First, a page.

How many died in the fire of London?

How many died in the fire of London?

On Sunday, September 2, 1666, London caught on fire. The city burned through Wednesday, and the fire—now known as The Great Fire of London—destroyed the homes of 70,000 out of the 80,000 inhabitants of the city. But for all that fire, the traditional death toll reported is extraordinarily low: just six verified deaths.

What were houses made from in 1666?

What were houses like in 1666? Houses in 1666 where made from wood and straw. The houses were built close together and these materials are highly flammable.

What did they wear in 1666?

In 1666, Charles II of England, Scotland and Ireland, following the earlier example of Louis XIV of France, decreed that at court, men were to wear a long coat, a vest or waistcoat (originally called a petticoat, a term which later became applied solely to women's dress), a cravat, a periwig or wig, and breeches ...

What were dresses called in the 1700s?

mantua

What time period was 1666?

1666 (MDCLXVI) was a common year starting on Friday of the Gregorian calendar and a common year starting on Monday of the Julian calendar, the 1666th year of the Common Era (CE) and Anno Domini (AD) designations, the 666th year of the 2nd millennium, the 66th year of the 17th century, and the 7th year of the 1660s ...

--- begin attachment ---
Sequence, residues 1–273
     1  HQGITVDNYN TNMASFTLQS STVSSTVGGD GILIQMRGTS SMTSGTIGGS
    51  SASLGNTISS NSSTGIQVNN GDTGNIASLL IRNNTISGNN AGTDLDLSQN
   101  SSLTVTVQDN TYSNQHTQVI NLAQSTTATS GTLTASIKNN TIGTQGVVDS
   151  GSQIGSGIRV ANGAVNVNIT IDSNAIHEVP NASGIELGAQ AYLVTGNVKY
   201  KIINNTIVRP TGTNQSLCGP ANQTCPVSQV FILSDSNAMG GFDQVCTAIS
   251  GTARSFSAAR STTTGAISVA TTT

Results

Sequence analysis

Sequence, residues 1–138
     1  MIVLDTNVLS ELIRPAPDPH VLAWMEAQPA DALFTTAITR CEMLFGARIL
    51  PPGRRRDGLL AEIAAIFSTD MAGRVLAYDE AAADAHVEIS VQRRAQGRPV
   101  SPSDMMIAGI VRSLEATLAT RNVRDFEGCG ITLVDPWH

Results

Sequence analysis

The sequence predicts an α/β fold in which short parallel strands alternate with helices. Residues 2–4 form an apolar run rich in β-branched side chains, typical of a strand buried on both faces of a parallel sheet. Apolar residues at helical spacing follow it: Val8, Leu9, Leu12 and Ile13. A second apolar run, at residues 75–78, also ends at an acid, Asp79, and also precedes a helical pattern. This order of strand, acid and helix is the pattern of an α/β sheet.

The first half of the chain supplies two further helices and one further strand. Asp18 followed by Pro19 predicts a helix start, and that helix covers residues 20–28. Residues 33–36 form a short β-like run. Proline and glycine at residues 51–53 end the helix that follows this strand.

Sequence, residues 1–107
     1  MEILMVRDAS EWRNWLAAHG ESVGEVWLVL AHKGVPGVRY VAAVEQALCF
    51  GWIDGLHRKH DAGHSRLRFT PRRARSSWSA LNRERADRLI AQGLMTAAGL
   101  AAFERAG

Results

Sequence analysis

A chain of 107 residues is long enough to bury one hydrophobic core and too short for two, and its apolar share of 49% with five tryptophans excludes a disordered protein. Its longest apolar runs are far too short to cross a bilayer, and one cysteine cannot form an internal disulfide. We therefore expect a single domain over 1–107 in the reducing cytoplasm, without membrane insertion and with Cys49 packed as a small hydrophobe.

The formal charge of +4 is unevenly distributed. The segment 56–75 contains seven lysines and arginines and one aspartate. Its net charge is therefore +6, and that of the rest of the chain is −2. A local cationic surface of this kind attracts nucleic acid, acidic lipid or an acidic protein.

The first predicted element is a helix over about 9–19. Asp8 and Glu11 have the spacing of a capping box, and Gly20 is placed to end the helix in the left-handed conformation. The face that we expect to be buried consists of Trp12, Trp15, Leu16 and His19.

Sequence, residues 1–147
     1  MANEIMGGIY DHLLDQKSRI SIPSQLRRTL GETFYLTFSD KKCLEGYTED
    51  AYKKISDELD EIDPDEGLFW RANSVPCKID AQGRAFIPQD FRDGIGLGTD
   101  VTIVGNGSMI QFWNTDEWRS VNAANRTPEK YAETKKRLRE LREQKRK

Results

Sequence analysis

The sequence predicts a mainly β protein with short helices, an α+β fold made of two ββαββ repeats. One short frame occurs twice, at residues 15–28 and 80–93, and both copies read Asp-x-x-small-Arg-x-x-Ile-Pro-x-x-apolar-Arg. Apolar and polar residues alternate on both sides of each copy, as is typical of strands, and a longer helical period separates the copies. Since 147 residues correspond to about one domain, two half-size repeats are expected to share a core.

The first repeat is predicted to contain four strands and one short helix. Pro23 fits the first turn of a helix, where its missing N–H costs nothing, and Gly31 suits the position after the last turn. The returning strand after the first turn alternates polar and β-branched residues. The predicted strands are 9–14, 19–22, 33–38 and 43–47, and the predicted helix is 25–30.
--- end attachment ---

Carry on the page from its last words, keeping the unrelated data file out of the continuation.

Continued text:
What was happening in 1666?

Miraculously, only 16 people were known to have died. The Great Fire of London was a disaster waiting to happen. London of 1666 was a city of medieval houses made mostly of oak timber. ... So it was on the evening of September 1, 1666, when Thomas Farrinor, the king's baker, failed to properly extinguish his oven.

What jobs did people do 1666?

Tudor Jobs

  • Cordwainer. A cordwainer made shoes out of leather.
  • Weaver. A weaver made cloth by weaving yarn together on a loom. ...
  • Tailor. A tailor made clothes for people who could afford to buy them rather than make their own.
  • Smith. A smith was someone who made things out of metal. ...
  • Mason. ...
  • Barber. ...
  • Servants. ...
  • Merchants.